The Mei-Ramew Café is an indigenous café and community food business promoted by NESFAS that serves local foods and encourages innovation in local recipes with maximum use of locally available ingredients. Plantina and Dial are residents of Khweng (a village in Bhoirymbong C&RD block) and have been running their own grocery stores for many years now. Plantina, the older of the two, started cooking and serving food in 1992. Initially, the shop was located where the people of Mynri (a nearby village) gathered with their polo (bamboo baskets ). With the arrival of the road, she moved her shop to the current location, near the taxi stand. Despite the change in location, customers continue to come to her shop because they enjoy traditional dishes made with local ingredients. Dial first entered the food trade by preparing food at home and selling it to other shops and households in the village. But when she got married, she decided to set up her own grocery store.
Although Plantina and Dial now exclusively cook and serve traditional dishes, they didn’t start out as such. Plantina’s first activity was to bring goods from the village to sell them at the market and vice versa. At that time, barter was the main mode of transaction. People in the community would bring local rice and in return she would give them the vegetables and charcoal she had bought at the market. Sometimes she also brought rice from the market to sell in the village. Little by little, she turned to the food business which she has been pursuing ever since. Kong Dial, on the other hand, started in the food business but sold traditional and non-traditional snacks like samosas, longs, momo, etc., for which she underwent training from RRTC (Rural Resource and Training Center ), Umran. With the intervention of NESFAS, she shifted her menu to more local foods. It now serves exclusively traditional dishes.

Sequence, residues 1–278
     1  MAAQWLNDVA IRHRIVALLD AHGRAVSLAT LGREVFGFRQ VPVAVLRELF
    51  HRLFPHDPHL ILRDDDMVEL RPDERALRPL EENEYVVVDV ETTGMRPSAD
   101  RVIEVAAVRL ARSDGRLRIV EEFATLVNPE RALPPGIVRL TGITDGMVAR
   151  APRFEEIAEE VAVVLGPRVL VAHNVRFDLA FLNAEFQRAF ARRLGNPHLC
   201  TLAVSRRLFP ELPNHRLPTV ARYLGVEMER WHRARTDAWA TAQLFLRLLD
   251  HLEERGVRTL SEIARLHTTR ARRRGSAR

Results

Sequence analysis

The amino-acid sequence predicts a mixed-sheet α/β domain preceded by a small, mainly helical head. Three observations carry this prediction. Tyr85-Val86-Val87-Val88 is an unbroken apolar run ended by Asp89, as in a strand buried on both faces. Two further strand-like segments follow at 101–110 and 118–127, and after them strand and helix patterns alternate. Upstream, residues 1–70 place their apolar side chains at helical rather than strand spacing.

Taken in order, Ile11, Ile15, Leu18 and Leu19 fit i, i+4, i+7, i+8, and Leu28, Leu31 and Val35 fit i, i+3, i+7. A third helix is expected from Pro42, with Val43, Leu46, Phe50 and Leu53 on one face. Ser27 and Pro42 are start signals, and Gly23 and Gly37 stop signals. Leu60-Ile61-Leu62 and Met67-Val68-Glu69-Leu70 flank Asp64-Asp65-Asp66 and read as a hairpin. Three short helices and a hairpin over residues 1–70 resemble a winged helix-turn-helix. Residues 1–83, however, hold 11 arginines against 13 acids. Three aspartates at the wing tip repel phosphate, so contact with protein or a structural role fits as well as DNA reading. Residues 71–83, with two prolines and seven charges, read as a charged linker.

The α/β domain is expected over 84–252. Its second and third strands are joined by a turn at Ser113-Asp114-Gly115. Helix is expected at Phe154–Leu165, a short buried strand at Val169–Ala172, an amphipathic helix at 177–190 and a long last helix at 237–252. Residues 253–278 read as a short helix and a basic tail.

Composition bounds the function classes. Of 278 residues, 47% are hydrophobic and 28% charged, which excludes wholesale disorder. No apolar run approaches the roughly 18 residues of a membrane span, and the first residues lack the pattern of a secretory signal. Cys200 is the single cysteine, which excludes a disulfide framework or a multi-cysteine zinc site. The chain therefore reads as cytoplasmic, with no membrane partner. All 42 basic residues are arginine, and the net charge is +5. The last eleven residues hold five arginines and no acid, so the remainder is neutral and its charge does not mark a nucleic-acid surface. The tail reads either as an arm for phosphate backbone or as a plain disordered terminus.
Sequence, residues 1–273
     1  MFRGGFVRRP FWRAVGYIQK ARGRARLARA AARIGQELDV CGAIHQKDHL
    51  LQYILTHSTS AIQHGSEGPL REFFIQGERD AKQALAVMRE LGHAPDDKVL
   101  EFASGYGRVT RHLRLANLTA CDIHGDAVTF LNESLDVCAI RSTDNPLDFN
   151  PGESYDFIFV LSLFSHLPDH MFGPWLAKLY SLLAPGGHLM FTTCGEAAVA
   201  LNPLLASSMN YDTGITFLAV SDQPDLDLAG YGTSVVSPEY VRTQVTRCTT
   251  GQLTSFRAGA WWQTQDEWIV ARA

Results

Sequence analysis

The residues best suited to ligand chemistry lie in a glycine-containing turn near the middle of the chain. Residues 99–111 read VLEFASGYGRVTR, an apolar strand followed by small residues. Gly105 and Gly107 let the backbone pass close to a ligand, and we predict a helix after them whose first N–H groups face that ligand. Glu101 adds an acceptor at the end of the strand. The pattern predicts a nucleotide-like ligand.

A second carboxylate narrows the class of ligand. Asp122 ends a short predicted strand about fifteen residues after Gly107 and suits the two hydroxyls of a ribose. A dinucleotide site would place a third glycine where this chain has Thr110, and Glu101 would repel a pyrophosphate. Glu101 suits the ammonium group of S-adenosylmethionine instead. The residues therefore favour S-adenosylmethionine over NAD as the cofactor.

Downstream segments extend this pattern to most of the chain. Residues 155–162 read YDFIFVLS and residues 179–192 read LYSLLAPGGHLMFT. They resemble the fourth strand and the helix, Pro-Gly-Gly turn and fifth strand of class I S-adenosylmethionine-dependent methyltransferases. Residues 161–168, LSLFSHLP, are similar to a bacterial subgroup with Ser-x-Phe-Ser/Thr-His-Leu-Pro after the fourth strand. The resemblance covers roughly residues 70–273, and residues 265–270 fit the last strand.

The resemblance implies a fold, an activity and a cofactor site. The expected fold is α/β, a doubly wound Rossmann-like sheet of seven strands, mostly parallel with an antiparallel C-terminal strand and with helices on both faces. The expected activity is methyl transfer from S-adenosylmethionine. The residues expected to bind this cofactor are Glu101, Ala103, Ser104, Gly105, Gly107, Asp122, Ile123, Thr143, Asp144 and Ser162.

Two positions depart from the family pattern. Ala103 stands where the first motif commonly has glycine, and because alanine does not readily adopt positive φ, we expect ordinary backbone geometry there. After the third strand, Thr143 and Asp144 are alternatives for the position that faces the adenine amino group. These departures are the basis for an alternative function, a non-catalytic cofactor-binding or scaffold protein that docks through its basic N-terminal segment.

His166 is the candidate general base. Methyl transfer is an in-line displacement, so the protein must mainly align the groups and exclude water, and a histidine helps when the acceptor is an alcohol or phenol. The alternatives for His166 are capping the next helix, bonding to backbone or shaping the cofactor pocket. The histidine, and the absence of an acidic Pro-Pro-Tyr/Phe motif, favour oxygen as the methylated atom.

Faithful to the matriarchal tradition of the Khasis, it was the grandmothers who taught Kong Plantina and Kong Dial to cook traditional dishes. At the age of 13, Kong Plantina went to live with her grandmother in Syntiewmaw, her ancestral village. It was there that his grandmother taught him how to cook traditional dishes and gather wild foods from the forest. Likewise, Dial learned to cook from his grandmother who was known to be an excellent cook in the village. However, with age, her eyesight began to fail and she could only teach her granddaughter through instructions. Impressed by the cooking, her grandmother encouraged Dial to open her own grocery store. In a way, the respective Mei-Ramew Cafés are a tribute to their grandmothers who had passed the baton of tradition to their granddaughters.